Yeah, it seems like they give you something limited in some ways and then ask you to pay more to get your limitations fixed. Sounds familiar... [cough]The Game Creators[/cough].

Well, nevermind that then.

Back to work!
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⌘-R in Chief
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Post: #13
Frank C. Wrote:I still have Torque CVS access (got a free license for beta testing the Mac version) but I haven't checked it out in a while. The last time I tried, it didn't build out of the box - that's a big problem IMHO, since you can't just get down to making your game.

The only issue is some funky thing having to do with CVS sucking and you just have to run a command line thing on some libraries. After that it builds fine.
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Member
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Post: #14
FreakSoftware Wrote:The only issue is some funky thing having to do with CVS sucking and you just have to run a command line thing on some libraries. After that it builds fine.
Well, I gotta give the Torque guys kudos - I did a fresh check out and the PPC target compiles with no fuss (the Xcode targets fix the frameworks automagically). I do get a crapload of undefined symbols for the Intel target though, something to do with blender.o - haven't looked into it further...

EDIT: The UB target in the pre-packaged SDK builds fine, but the CVS code definitely builds a nicer Mac app. It would be nice if CVS commits were tested a bit more before being promoted to the trunk...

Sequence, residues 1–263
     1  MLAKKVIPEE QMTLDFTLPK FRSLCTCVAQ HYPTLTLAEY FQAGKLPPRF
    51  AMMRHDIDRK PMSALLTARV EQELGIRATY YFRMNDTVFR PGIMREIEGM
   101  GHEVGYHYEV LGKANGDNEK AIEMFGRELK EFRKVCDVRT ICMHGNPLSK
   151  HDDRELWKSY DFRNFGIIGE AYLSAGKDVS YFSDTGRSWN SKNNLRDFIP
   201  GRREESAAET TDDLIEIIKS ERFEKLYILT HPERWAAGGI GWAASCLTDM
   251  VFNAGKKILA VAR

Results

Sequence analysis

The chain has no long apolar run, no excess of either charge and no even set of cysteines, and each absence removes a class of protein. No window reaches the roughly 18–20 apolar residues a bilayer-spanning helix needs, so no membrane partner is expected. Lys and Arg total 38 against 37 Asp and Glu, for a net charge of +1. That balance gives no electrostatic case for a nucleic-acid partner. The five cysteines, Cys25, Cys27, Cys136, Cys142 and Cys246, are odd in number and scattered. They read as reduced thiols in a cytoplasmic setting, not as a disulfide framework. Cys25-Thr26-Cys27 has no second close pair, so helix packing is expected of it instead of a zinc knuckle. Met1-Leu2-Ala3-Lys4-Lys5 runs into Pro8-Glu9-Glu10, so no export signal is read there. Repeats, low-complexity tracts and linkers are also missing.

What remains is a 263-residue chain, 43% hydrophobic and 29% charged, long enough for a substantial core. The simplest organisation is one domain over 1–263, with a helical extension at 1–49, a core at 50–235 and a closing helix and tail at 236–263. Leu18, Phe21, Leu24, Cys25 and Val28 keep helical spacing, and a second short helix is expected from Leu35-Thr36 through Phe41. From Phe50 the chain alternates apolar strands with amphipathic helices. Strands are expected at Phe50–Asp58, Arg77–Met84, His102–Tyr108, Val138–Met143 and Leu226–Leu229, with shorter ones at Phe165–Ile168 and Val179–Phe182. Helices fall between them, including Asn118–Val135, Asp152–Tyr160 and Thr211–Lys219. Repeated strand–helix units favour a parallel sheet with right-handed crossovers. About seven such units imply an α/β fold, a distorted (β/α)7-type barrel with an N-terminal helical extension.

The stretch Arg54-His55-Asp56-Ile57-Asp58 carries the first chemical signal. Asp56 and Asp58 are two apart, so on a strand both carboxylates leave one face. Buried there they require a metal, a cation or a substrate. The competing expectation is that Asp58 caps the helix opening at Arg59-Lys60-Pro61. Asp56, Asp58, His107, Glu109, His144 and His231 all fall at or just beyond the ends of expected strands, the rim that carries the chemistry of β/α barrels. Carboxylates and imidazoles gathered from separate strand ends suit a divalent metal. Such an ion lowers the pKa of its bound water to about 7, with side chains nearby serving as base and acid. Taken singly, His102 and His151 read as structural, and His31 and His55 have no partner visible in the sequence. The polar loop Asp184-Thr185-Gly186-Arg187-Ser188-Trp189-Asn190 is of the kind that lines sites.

They've cleaned up a lot of Mac stuff for the UB update, and although I still see some performance problems on OS X (that never affected the defunct OS 9 version) the engine has come a long way since I last played around with it. I'm not sure the Xcode "getting started.txt" is accurate - as far as I can tell the PPC targets require 10.3.9 not 10.2 for example but overall the Mac SDK/code is much improved. There are some deprecated functions still in the mix and the targets could use a bit of clean up - they're still linking with DrawSprocket for some reason, but I don't think it's actually used.

I still don't like the scripting language - my opinion of course so take that however ya like - and the Mac is still somewhat of a second class citizen with no Tourque Shader Engine, and iffy tools, but if you can run tools on Windows and know your way around Xcode and C++ it's not a bad deal for $100.
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JohnWallice
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Post: #15
I have a Torque license. I really tried to like it but the problem is that there are no tools available on the mac to actually use it. I know there are many people on this forum who are pretty bitter about having wasted their 100$ on torque.

1. No tools on the mac, which means you will always need a pc at some point to create your game.
2. The source code is a complete mess. They say themselves it takes around 8 months to learn torque. And even once you learned all about it, it's still hard to find your way around in it.
3. Support sucks. They don't attempt to answer the tough questions. Their mentality when you run into a bug is, if it breaks you get to keep both pieces.


So my first point is. Whatever you choose, don't waste your money on torque. You will regret it.
Is there anyone who has actually created a game with torque completely on a mac? I dont think.

Second point. Unity is extremely good. I don't really know how to describe it but it just works. The whole way of how you script and how you make behaviours, is so straightforward, and especially effective. Unity is really just in a completely different category than any other game development tool i have tried so far. They even won an apple design award runner up, which just goes to prove how extremely slick Unity is.


It sounds extreme but seriously, if you value your time and your goal is to ship a game, Unity is the way to go.